“It’s been 48 years since you travelled. Thank you for showing us how to create a just society in Ghana. Thank you for leaving us a vision for African freedom and unity.
These guidelines will never die.
They are waiting for us to revisit and adapt them to meet today’s demands.”
These were the words of the only daughter of Ghana’s first president, Osagyefo Dr Kwame Nkrumah as she commemorated her father’s passing.
It has been a quiet day in the country as it seems focus on Coronavirus has taken a toll on the commemoration of the passing of the first Prime Minister of Ghana; Osagyefo Dr. Kwame Nkrumah.
Taking to social media, however, the former National Chairman of the Convention People’s Party, Samia Nkrumah decided to celebrate her father’s legacy in a distinguished way.
Having been forced into exile for six years after disgruntled military personnel overthrew him, Dr. Kwame Nkrumah sought solace in Guinea where he served as a co-president with his friend, President Sekou Toure.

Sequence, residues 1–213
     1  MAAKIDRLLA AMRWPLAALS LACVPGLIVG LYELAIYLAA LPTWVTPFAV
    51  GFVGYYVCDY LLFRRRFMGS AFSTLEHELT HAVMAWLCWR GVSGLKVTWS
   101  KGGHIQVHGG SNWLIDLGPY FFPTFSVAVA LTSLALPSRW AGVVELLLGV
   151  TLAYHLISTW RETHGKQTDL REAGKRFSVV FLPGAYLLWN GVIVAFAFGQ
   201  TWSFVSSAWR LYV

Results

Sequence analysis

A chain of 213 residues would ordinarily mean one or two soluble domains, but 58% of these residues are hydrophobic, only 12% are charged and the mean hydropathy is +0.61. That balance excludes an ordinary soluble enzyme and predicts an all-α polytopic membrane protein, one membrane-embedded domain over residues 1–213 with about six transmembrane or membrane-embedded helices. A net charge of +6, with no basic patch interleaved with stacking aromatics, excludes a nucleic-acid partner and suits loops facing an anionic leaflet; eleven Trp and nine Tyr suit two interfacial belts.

There was jubilation in the country after the coup and Nkrumah reportedly wept while in Hanoi on a peace mission in Asia. All literature and anything that reminds Ghanaians of Nkrumah was destroyed to wipe off his legacy from the face of the earth.
He eventually died far away from his birthplace of Nkroful at the age of 62 in Bucharest, Romania on April 27, 1972.
Two separate funerals were held for the Ghanaian and Guinean co-president; one in Conakry while the other was held in Accra.
His body was returned to Ghana on July 7, 1972, from Guinea following a long diplomatic tussle. His first funeral in Conakry saw several African heads of state; five members of the Colonel I. K. Acheampong-led National Redemption Council that overthrew the democratically-elected Progress Party (PP) government of Dr. K. A. Busia; and representatives of 25 other countries paying their last tributes.
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